Five online scams to watch out forWe reveal the tactics scammers are using online

20 August 2015

Real and fake

The URL distinguishes the real website from the fake

Our latest investigation into scams reveals the ways that scammers are targeting you online - from fake gift vouchers to phishing.

We asked 25 Which? members to collect all the scams they received over a month and the total came to a staggering 477. If they had responded to all of them our panel could have lost the contents of their bank accounts 216 times over.

Here we reveal five ways scammers target you online. If you think you've been targeted check out our guide about how to report scams.

1. Using accounts such as iTunes or BT to phish

The scammers use big-name brands to phish – but rather than pretending to be a bank, they can also masquerade as a popular service or shop. Our panel received many different versions of this scam, but common ones pretended that the person being targeted's account had been frozen, they had ordered something they hadn’t, or that there was a security alert on their account. All gave a link to a website asking for personal details. You can check URLs in the email to spot a fake.

2. Using official-looking emails from the government to phish

In this scam you receive an email that looks as though it has come from a government department. In fact, it’s designed to get your personal information. Our panel received two versions of this type of scam email. One claimed to be from HMRC and said that the recipient was due a tax rebate, and others claimed to be from Government Gateway. The genuine Government Gateway website is used to access government services, such as those for tax self-assessments. Look up the genuine email address on the authentic website and compare it with the sender’s address, as this will be another giveaway.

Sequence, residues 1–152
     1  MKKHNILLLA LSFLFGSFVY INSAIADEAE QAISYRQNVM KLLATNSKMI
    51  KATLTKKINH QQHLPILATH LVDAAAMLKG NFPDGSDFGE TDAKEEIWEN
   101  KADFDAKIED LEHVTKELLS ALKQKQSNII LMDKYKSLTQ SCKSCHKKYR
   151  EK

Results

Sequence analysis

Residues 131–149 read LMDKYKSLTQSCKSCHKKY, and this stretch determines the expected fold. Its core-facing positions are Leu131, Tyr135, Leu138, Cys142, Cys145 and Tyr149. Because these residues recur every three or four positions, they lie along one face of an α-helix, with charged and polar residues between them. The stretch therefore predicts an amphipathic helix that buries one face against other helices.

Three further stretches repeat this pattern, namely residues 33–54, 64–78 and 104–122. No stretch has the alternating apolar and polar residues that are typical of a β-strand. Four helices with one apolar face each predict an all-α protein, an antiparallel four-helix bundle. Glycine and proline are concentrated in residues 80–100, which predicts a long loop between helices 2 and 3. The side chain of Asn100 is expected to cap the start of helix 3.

3. Using bank accounts to phish

This is the classic phishing scam. Often the scammers say that there has been unusual activity on your bank account or card. You’re told that you need to verify your details and if you do so, you give the scammers access to your accounts. Other versions our panel received said a transaction remained incomplete and that the account holder needed to log in to complete it, or falsely claimed that their email address had been updated. In our research, the companies we saw most commonly spoofed were Barclays, Lloyds and Santander.


Scammers used official logos to make their emails seem genuine

4. Fake gift cards

Our panel received emails purporting to offer gift cards from well-known brands, including Boots and Amazon. None were from the company named. One email, claiming to offer supermarket vouchers, asked you to download a document that contained malware. Others tried to extract personal details. 

5. Fake debts or invoices

In its simplest form, the scammers are hoping that you simply pay the fake debt or invoice they send you. Some come with official-looking court documents suggesting that the company has issued a claim against you. Alternatively, many of the emails we saw had attachments containing computer viruses. These sometimes contain a read receipt, so the scammer knows you’ve opened the attachment and can then call to offer to help sort out your infected computer.

To help protect yourself from viruses use security software - see which ones we recommend in our security software review.

More on this...

  • More advice on how to spot an online scam
  • Find out how to stay safe online
  • See our reviews of call-blocking cordless phones